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Melbourne Model 2008

chinmaister

Regular Member
Please correct me if this thread is in the wrong section.

Yes its true that the melbourne univercity has changed. They now offer six new generation undergraduate degrees. Look below,
http://www.futurestudents.unimelb.edu.au/courses/melbmodel/coursediagram.html

Can someone please tell me though, in order to get into graduate medicine,what do you need to do after finishing Biomedical science? Eg. GAMSAT???

If so, is there another way of avoiding this?

Help much appriciated. Thanks.
 

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broccoli

Member
If you get an ENTER over 99.9 and do biomed at Melbourne Uni, you're guaranteed to get into grad-entry med as long as you keep up a reasonable GPA.

Otherwise I think you'd probably need to sit the GAMSAT/do an interview, but I don't think Melb Uni has finalised the details yet.
 

chinmaister

Regular Member
Thank you! Hopefully you wont have to do such a test!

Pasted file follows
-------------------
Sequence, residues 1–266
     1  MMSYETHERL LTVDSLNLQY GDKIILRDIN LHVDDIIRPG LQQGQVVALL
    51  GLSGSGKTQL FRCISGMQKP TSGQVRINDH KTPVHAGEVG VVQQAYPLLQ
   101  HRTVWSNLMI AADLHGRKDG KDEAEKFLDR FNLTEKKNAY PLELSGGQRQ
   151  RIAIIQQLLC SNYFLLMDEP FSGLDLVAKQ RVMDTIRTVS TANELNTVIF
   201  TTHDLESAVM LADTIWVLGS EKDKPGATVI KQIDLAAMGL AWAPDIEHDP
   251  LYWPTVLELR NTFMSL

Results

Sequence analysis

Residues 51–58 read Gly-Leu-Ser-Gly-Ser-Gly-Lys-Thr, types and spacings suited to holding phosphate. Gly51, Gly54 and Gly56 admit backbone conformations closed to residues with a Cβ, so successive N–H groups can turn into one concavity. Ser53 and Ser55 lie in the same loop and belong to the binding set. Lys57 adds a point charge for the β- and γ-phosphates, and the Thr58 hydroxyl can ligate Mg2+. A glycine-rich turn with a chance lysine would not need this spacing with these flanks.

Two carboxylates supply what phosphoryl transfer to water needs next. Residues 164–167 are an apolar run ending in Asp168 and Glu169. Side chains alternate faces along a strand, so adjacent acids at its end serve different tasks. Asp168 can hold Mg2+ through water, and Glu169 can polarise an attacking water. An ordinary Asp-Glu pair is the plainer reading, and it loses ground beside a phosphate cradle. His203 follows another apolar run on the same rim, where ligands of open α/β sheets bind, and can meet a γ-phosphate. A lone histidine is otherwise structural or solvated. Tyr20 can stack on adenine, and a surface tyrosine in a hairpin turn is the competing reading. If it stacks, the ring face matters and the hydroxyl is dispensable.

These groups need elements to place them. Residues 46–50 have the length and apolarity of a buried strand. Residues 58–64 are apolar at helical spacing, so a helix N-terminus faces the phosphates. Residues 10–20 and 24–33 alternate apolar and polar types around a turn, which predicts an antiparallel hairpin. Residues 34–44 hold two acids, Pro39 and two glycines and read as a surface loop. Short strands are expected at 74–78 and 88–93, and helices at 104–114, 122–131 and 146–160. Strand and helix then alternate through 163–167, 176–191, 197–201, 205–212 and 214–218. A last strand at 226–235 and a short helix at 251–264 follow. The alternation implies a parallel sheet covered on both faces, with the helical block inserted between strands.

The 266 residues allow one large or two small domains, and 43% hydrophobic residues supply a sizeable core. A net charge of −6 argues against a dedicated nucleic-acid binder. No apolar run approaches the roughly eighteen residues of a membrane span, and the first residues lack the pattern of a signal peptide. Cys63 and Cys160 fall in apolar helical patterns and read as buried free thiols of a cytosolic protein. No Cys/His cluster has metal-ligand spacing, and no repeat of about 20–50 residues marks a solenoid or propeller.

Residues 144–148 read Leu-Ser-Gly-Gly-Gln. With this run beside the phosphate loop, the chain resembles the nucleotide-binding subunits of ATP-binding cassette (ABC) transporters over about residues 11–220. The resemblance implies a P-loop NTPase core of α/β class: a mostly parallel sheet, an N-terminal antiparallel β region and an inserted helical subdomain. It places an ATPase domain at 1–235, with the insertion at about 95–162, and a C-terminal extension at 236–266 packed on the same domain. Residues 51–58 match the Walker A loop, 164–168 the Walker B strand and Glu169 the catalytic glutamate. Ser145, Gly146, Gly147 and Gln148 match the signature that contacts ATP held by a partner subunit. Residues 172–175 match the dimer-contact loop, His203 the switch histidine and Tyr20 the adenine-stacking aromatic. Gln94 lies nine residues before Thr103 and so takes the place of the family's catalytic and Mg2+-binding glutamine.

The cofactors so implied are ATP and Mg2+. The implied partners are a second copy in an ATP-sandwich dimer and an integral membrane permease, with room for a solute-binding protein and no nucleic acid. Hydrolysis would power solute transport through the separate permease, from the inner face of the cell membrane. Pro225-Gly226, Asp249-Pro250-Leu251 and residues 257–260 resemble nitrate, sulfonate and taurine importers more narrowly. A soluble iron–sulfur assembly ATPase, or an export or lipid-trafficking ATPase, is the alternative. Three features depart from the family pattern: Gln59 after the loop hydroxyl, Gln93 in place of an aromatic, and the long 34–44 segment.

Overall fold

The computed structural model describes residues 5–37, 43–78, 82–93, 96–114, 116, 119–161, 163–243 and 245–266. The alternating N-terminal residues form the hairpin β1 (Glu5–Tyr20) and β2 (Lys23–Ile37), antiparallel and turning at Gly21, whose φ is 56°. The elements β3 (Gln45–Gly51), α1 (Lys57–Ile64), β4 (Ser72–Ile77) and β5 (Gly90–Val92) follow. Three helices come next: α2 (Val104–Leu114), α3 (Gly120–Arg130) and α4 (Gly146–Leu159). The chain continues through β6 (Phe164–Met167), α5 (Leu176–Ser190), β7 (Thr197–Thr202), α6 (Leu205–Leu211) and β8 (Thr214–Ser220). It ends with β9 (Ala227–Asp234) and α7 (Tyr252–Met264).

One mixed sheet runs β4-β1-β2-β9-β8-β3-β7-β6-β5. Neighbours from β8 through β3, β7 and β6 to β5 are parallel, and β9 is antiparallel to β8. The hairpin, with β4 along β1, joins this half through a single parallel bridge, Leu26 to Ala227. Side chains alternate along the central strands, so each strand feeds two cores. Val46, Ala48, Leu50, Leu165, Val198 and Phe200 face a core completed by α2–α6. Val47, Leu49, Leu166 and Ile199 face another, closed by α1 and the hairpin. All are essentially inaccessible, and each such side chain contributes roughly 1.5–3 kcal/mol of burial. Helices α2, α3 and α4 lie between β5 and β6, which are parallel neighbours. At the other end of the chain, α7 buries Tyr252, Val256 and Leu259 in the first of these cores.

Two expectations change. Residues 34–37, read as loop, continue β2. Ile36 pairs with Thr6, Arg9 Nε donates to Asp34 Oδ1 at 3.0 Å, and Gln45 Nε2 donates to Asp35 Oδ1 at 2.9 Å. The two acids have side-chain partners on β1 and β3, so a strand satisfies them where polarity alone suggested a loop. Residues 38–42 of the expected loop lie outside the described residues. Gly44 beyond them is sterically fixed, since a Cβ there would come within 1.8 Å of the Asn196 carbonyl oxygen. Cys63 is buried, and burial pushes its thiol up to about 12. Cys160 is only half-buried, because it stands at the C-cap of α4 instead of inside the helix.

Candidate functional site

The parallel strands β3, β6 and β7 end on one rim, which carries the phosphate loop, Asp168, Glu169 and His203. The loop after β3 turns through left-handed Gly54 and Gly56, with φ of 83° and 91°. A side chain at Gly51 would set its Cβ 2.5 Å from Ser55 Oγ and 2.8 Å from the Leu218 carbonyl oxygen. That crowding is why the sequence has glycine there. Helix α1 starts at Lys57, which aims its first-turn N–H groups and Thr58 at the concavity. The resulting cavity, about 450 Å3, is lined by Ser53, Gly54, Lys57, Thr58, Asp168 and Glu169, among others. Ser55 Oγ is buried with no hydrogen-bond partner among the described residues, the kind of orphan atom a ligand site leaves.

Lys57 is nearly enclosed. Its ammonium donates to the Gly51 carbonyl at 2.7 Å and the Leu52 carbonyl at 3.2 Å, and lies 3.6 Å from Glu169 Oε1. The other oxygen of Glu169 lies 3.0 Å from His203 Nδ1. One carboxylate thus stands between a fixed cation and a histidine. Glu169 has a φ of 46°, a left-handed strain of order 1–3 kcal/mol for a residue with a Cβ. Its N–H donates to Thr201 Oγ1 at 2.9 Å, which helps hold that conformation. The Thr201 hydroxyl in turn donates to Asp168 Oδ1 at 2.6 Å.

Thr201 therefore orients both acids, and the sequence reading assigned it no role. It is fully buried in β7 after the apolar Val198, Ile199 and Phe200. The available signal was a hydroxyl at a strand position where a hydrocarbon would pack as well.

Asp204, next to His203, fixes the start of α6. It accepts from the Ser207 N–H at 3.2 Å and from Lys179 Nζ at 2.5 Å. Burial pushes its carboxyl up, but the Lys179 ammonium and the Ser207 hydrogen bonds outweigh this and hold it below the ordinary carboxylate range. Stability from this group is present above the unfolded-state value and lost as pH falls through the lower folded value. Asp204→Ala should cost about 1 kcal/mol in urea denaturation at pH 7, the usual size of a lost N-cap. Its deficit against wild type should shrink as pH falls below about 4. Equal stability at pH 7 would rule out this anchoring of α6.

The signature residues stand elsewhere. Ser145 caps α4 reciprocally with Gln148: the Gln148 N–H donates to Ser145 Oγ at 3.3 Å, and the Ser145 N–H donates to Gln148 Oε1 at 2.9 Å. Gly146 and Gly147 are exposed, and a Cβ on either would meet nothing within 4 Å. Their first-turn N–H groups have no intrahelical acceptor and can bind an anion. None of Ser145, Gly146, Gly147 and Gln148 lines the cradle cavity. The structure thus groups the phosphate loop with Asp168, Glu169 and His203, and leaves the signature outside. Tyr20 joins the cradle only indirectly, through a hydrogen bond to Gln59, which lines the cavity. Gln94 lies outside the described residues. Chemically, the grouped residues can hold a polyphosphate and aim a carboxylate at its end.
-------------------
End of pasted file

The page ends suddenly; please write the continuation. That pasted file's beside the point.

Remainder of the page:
Jono

Emeritus Staff
Emeritus Staff
I find it interested that they have 1 year pre-clin and 3 years clin. Deakin's postgrad model has 2 preclin years and I always assumed they had a bit of help from the Melbourne side of the fence. Do people think 2 years of pre-clin is too much in a postgrad course? what's the feeling here?]

Also of note is the no more BMEDSCI. How many universities still have a compulsory bmedsci component?
 

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Raj

Member
If you get an ENTER over 99.9 and do biomed at Melbourne Uni, you're guaranteed to get into grad-entry med as long as you keep up a reasonable GPA.

Otherwise I think you'd probably need to sit the GAMSAT/do an interview, but I don't think Melb Uni has finalised the details yet.

I reckon there is another possibility too :

If you get an ENTER over 99.0 and do biomed at Melbourne Uni, you're guaranteed to get into grad-entry med (full fees place) as long as you keep up a reasonable GPA.

The guranteed grad-entry med place for 99.9+ in broccoli's post above is a CSP grad place.

Raj
 

Hydroxide

Regular Member
The site says:

These guaranteed places are subject to:
  • An achieved average grade of H2A (75%). The H2A will count as satisfying the GPA requirement for entry
  • Meeting the subject prerequisite requirements
  • Students will also be required to satisfactorily complete the interview to ensure their communication skills are adequate for competent health practice
  • Places being available (clinical placement capacity is the limiting factor)
Anyone know how likely this factor is of stopping you getting entry into medicine?
 
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